Meet the Native-American Rapper With the Sound Track to Keystone Protests

Frankie Waln hopes his song “Oil 4 Blood” can add emotion to pipeline debate.

Photo by Shadia Fayne Wood.
National Journal
Add to Briefcase
Jason Plautz
May 9, 2014, 1 a.m.

Last month’s “Re­ject and Pro­tect” protest in Wash­ing­ton on the Key­stone XL oil-sands pipeline in­cluded ap­pear­ances by Neil Young, act­ress Daryl Han­nah, and hun­dreds of cow­boys, In­di­ans, and en­vir­on­ment­al­ists. But only one per­son came armed with a rap song.

Frankie Waln, a Sic­an­gu Lakota hip-hop artist from the Rose­bud Sioux tribe in South Dakota, was in­vited to the protest to per­form a set that in­cluded the song “Oil 4 Blood,” which he wrote about Key­stone. The song was writ­ten and re­cor­ded three years ago, but Waln said it’s found “a whole new life” in the past year as the Key­stone protests have heated up. Waln, 24, will gradu­ate from Chica­go’s Columbia Col­lege this month study­ing au­dio design and pro­duc­tion.

In an in­ter­view with Na­tion­al Journ­al, Waln ex­plained how the song came about, what it meant to per­form it at a protest, and why it refers to his moth­er.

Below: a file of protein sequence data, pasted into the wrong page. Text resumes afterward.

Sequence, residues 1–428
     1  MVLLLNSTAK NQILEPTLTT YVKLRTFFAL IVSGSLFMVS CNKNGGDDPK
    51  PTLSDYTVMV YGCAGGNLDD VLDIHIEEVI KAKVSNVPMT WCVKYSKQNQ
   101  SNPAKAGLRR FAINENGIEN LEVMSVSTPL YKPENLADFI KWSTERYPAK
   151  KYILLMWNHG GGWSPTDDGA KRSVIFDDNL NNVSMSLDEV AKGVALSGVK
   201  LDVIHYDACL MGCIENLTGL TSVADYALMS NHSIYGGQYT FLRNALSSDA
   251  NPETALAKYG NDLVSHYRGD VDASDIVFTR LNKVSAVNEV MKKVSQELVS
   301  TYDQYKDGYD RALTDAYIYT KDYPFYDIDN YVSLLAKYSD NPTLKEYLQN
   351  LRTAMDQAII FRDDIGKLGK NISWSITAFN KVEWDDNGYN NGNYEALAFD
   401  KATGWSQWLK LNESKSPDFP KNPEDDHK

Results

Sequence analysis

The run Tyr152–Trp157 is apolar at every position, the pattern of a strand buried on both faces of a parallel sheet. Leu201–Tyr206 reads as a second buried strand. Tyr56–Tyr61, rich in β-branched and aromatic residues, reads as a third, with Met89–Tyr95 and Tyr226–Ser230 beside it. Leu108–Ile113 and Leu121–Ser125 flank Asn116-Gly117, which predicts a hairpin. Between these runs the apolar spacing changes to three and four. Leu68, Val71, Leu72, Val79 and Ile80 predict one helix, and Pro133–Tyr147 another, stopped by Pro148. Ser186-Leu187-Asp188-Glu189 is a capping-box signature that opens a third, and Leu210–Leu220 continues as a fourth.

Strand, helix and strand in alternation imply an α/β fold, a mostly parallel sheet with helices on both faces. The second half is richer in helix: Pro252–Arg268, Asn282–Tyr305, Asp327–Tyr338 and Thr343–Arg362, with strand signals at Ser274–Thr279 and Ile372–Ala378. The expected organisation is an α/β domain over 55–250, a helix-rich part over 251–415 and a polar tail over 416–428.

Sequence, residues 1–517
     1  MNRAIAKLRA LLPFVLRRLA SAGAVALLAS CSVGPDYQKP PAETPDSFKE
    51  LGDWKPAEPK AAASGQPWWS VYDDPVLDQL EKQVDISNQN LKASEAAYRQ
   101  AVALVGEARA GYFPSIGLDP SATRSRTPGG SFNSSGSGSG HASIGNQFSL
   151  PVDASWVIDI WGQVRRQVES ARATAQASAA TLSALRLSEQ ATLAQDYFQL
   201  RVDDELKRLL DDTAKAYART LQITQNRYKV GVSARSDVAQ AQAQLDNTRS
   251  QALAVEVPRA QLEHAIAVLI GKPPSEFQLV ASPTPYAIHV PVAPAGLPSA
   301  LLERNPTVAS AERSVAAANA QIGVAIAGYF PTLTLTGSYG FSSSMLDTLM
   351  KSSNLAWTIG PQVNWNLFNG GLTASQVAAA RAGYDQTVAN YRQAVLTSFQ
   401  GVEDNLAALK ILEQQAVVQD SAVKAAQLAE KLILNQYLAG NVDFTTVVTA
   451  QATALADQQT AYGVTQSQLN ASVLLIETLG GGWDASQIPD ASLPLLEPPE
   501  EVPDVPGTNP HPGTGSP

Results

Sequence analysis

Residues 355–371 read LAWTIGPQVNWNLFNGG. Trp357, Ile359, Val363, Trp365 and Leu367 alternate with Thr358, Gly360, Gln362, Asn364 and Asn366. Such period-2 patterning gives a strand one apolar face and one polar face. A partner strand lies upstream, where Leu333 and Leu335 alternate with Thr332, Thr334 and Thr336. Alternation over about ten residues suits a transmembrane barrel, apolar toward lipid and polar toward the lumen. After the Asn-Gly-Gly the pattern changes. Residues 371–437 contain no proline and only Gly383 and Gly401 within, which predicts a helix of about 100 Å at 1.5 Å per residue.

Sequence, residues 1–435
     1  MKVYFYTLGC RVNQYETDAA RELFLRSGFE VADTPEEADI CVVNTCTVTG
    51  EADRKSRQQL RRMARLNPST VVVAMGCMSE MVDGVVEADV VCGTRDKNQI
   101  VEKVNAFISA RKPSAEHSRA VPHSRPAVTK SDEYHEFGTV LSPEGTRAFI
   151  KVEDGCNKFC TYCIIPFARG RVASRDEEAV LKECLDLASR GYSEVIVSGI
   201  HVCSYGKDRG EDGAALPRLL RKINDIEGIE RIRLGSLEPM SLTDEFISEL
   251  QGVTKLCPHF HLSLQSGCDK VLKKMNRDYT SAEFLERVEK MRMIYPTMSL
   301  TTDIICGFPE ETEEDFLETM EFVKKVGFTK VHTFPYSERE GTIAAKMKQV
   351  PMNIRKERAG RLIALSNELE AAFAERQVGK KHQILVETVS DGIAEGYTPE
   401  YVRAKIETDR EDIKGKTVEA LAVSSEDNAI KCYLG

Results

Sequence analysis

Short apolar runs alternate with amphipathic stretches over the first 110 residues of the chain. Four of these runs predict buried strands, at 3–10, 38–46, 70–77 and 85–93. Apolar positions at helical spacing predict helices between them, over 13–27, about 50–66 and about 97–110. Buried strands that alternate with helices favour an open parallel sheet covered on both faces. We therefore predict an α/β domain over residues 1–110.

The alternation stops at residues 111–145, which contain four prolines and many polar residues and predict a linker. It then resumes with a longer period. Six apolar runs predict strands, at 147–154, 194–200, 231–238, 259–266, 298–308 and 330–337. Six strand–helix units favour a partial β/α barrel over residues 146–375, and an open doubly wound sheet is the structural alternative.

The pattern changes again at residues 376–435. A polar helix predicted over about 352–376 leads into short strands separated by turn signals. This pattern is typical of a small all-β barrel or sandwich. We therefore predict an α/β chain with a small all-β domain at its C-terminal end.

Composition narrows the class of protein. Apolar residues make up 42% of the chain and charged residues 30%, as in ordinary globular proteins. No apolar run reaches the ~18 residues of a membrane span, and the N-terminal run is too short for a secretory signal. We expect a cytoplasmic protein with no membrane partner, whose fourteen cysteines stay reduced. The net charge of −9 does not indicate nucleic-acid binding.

How did “Oil 4 Blood” come about? Why write a song about Key­stone?

This was about three years ago, and I was in my dorm room, and this was about the time Key­stone star­ted to be talked about back home. I was on Face­book, and I star­ted see­ing pho­tos pop up from a protest at home, where people on my re­ser­va­tion had block­aded a road and were block­ing trucks that were car­ry­ing pieces of the pipeline. There was one video of Mar­ie Ran­dall, a 92-year-old, and she was speak­ing to my gen­er­a­tion. She was say­ing, “All we have left is this land. I’m 92 years old, and I’m not go­ing to be out here much longer. Who’s go­ing to be out there when I’m gone?” That really spoke to me and cut to my core. So I did the only thing I knew how to do.

What’s the main theme of the song?

We do not want the Key­stone pipeline. If you look at the chor­us, when I say “soil my love,” I mean you’re des­troy­ing the earth. And when I say “my moth­er,” I’m talk­ing about the earth. Our word for nature means moth­er, so we look at the earth very much the way we look at our moth­er.

In the verses, I’m talk­ing about a lot of the is­sues we face on the re­ser­va­tion and say­ing we have a lot to worry about already. We don’t need this pipeline pois­on­ing our land.

Why do you think it’s im­port­ant to have a song as part of this move­ment?

I didn’t really real­ize this un­til I per­formed … but people came up to me and were say­ing that all day we had speeches, we had num­bers and facts and stat­ist­ics. But mu­sic brought an emo­tion­al ele­ment. You can make people feel something. For some people it con­nects much stronger. Through ex­per­i­en­cing emo­tion through mu­sic, we can make a con­nec­tion that we couldn’t just listen­ing to num­bers.

×